So, when you hear voices that use cruel phrases, that try to remind you of past mistakes using shame or voices that manipulate through fear; you can simply tell them to go away. Often saying the Lord’s Prayer or 23rd Psalm will do it.

These voices are often loud, but after a period of casting them away they will move on.

So, then what about those voices that are from you angels. Remember that really good idea you had? Remember that game changing thought you didn’t know where it came from? Remember that time you met that person and decided to continue a conversation? In all of those situations you were being guided by angels.

In fact, almost every good thought you have had, and inspired ideas came from angels.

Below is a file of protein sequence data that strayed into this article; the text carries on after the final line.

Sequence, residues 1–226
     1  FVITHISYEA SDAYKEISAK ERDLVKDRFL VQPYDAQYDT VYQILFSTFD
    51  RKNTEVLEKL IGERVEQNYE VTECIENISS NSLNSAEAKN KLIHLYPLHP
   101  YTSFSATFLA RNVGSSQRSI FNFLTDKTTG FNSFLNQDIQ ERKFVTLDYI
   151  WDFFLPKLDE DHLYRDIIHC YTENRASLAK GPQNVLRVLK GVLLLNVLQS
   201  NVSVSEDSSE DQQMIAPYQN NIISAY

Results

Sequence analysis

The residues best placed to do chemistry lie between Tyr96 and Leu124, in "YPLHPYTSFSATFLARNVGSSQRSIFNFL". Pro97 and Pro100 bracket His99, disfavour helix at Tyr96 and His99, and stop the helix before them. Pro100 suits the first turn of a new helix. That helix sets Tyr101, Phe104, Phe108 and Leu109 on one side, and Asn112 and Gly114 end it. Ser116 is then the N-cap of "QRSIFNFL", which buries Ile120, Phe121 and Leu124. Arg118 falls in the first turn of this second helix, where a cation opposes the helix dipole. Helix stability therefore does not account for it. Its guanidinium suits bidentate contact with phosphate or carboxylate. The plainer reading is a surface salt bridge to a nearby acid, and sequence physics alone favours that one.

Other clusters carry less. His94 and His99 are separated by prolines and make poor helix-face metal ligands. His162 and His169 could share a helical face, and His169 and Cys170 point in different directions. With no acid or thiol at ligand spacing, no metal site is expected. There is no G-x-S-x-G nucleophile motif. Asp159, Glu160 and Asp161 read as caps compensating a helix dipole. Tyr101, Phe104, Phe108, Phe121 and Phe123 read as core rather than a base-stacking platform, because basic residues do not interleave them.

So, if good thoughts and guidance comes from angels and bad thoughts and fear comes from the dark side; then what can we take credit for? It all seems to be their idea.

The answer is that you have the freedom to decide to follow different paths. When you decide to take good advice from angelic beings your action on that make it yours. The same is true for dark voices and acting on those.

Gaining understanding and management of your own voices can bring you greater peace and alignment.